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Al-Namrood - Atba'a Al-Namrood (-/10) - Saudi Arabia - 2008

Genre: Black Metal
Label: Shaytan Productions
Playing time: 20:01
Band homepage: Al-Namrood

Tracklist:

  1. Atba'a Alnamrood
  2. Fe Zafrat AlMout
  3. Nagoos Alkhatar
  4. Youm Tusaar Nar Aljaheem
Al-Namrood - Atba'a Al-Namrood

Middle Eastern influences seem to be the latest big thing in Metal, there are more and more bands that try to incorporate elements such as these in an attempt to stand out and while some definitely succeed (take NILE and ORPHANED LAND as well known bands and SEQUENCE and AMASEFFER as a lesser known ones) as examples for this. And now also in Black Metal from Saudi-Arabia, that’s a new one! So far we’ve only had Grindcore specialists CREATIVE WASTE on our pages, so how do AL-NAMROOD fare? The trio of Mukadars, Ostron and Mephisto apparently has chosen its name from an ancient Babylonian king, who once ruled the world with powerful and despotic evil, and also said "I am the God of all creation". With “Al-Namrood” allegedly meaning “the non-believer”, it fits pretty well that the trio plays Black Metal, but how is the musical quality?

 

Well, the band (by themselves or the label, either way) is heralded as “a blend of fiendish black metal with archaic Arabian culture” and in the keyboards and percussion the Arabic influence definitely comes through, lending the songs something different and, given where the three gentlemen are from, also authenticity. What I have more of a problem with is the Black Metal section, as its pretty pedestrian approach to the genre more or less counter-balances the exotic fascination the rest builds up, which is not helped by the overall pretty muddy production (the producer either did not really like the (computerized sounding) drums or something didn’t quite work out during the mix) and the vocals of Mukadar, which sound oddly gargly and are the topping of clay on the production of mud. Oddly enough the Arabic elements are the ones that actually stand out the most in terms of sound.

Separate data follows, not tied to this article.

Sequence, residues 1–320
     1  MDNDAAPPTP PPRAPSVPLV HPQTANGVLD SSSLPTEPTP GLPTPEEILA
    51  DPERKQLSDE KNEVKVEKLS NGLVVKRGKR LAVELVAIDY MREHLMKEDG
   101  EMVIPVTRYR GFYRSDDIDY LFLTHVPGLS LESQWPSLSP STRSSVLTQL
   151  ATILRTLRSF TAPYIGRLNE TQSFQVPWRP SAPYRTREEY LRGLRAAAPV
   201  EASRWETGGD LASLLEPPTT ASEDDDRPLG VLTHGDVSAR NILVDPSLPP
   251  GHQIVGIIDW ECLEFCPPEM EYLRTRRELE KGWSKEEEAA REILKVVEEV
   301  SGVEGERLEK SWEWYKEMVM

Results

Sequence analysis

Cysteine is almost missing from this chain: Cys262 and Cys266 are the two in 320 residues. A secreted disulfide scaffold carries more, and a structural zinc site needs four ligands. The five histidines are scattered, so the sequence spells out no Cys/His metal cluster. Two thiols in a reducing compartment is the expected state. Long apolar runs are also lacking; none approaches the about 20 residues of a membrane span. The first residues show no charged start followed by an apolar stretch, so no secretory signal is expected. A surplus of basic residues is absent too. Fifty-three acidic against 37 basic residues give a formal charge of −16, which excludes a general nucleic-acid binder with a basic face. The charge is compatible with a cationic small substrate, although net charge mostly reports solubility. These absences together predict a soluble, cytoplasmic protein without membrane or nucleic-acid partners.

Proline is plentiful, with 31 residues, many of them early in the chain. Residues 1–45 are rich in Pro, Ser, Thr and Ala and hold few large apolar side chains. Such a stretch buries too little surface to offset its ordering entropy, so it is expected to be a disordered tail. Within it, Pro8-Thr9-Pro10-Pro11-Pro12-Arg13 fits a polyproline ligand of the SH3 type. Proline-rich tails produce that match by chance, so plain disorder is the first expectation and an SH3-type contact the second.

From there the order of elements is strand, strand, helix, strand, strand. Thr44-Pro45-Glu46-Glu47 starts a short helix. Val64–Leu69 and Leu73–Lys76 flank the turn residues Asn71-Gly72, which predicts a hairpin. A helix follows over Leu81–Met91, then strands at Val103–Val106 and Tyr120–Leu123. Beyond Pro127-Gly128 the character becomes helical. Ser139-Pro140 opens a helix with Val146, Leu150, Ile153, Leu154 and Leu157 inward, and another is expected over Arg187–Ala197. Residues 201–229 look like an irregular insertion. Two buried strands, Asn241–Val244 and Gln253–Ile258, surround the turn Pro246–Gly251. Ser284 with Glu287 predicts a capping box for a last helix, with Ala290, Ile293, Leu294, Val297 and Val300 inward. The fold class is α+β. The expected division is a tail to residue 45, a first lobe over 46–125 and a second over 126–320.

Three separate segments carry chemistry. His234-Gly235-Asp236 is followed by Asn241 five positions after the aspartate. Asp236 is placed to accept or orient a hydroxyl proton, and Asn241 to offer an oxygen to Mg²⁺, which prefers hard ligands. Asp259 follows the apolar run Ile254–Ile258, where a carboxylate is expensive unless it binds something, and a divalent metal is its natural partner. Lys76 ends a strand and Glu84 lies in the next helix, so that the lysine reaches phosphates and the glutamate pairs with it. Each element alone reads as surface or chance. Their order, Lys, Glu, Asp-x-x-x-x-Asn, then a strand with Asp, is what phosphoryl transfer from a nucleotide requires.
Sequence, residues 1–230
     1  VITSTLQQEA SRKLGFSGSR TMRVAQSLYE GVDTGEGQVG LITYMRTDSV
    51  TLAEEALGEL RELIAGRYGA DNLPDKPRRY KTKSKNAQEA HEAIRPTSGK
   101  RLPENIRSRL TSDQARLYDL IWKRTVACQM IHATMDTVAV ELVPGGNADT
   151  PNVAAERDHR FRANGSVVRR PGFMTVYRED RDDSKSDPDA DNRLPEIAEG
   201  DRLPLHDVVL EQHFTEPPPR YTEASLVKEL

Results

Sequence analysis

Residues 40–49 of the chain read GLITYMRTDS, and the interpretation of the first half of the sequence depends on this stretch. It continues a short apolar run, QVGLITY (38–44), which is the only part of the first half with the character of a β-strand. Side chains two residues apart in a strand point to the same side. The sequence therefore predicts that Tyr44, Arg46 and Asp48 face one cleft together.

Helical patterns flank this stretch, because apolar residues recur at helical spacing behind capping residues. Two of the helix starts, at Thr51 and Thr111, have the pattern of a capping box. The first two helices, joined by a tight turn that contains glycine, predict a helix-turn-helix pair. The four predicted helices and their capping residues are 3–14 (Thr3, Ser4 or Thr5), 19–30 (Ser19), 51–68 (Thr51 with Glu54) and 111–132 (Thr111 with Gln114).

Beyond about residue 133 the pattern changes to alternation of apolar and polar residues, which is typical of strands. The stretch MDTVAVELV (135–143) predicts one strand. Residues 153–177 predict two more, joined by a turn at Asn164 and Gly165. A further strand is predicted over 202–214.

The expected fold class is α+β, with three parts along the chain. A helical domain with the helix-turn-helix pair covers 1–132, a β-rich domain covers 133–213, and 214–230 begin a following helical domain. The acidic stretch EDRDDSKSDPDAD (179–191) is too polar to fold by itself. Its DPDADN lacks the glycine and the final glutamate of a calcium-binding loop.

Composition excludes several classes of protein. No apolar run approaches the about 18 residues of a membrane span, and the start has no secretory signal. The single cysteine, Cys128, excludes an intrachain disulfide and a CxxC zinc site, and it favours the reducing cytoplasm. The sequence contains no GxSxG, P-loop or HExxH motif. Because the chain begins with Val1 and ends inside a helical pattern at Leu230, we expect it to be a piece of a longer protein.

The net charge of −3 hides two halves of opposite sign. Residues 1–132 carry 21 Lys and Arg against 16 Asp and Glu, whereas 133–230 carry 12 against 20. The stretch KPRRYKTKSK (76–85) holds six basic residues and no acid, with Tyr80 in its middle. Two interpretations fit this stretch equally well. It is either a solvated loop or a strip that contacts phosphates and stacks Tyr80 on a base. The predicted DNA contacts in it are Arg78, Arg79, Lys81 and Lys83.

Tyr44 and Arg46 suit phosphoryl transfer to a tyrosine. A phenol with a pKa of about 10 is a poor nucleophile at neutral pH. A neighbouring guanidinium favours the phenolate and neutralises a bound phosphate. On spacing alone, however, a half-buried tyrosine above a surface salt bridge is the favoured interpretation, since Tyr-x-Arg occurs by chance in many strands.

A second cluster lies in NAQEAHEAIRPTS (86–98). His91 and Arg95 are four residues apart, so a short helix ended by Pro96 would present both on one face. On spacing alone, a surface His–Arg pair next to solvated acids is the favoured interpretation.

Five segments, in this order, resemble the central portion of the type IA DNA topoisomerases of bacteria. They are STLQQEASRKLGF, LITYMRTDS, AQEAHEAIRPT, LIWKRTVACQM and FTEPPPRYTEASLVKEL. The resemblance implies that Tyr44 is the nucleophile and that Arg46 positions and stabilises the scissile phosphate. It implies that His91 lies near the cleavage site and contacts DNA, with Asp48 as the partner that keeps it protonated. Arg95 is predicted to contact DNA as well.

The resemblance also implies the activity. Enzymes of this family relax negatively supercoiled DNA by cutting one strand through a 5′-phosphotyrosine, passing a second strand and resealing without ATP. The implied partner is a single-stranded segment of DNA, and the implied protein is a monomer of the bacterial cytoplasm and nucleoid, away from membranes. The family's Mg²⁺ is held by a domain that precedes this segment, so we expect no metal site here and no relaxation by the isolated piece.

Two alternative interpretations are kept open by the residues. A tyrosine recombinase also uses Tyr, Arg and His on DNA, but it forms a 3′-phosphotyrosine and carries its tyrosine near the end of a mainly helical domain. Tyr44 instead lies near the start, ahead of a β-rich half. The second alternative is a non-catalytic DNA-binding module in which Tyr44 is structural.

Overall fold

As the EP progresses, the production gets rawer and more into the style of the Black Metal of the early 90s, where rawness was the law, just with some added Middle Eastern flair. So mixing in melodies from different cultural circles into Black Metal is not something new, but the Arabic scales I have not heard before, so AL-NAMROOD are on to something different and try to bring some of their own culture into play and that I definitely have to laud them for. Now they’ll just have to figure out something for the realization, because despite having the will and courage, they will also have to find out how to balance, so things don’t turn into this raw wall of sound and a little more refined vocals would not be a bad idea either. So potential is there, but there still is a lot of work ahead of them!

(Online November 1, 2008)

Alexander Melzer



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